Sleeveless elastic waist dress featuring a narrow sailor collar with bow detail. Very quick and easy to make, though the collar may require some previous sewing experience. Armholes are finished with bias tape.
Fabric: Cotton voile bought at Drygoods Design in Seattle. This must be a record short about of time from vacation purchase to finished product, only one year! Less than a year actually! And to make sure this dress doesn’t bite the dust, I even used french seams throughout (it was hard to remember to do that though, since it’s not muscle memory, so I ended up ripping seams out a lot. Totally worth it though).
Design Likes/Dislikes: I always like the look of tie bows on blouses and dresses, but they always seem way too big for my small chest so this one is really nice that the tie is pretty thin but still gets the job done. I didn’t like making the split in front and it’s probably not necessary other than to make the tie work better. I didn’t try very hard to follow the directions for the split, but they were a little confusing.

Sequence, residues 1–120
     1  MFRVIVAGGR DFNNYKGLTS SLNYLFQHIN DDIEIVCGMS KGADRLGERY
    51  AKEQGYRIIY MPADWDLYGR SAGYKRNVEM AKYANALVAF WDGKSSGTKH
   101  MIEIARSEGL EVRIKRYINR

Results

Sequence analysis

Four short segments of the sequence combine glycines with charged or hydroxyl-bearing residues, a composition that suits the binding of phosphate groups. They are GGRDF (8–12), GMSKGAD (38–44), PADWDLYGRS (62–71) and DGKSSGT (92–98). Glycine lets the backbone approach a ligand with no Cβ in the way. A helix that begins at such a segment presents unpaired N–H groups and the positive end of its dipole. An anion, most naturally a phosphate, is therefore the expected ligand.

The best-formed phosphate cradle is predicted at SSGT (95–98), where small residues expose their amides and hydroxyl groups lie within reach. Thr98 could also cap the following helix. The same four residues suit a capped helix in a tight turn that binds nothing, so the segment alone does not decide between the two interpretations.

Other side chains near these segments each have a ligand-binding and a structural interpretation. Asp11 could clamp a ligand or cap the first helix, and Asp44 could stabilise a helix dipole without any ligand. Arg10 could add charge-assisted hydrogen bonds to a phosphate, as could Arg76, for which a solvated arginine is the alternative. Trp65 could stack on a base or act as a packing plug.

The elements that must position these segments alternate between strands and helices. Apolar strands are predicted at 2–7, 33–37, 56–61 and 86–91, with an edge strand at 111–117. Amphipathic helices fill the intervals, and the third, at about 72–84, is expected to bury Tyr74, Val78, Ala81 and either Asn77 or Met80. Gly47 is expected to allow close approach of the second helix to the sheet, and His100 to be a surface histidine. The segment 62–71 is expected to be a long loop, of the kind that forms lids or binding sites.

Sizing and Fit: I probably should have gone down a size, I think Salme patterns might be drafted for someone much taller than me. I ended up cutting the 1 1/2″ off the bottom of the bodice (after redoing the elastic twice to try and get it tight enough to just billow up at the waist), because it just looked sad and saggy. The bust darts are definitely too low on me. Other than the length, its hard to tell much about Salme’s sizing since this dress is very loose fitting.
For Next Time: It’s a nice dress, but I’m not sure if/when I’ll make this again. Too many fish in the sea as they say… or lake if you’re landlocked like me.
Hello! Look I’ve sewn something!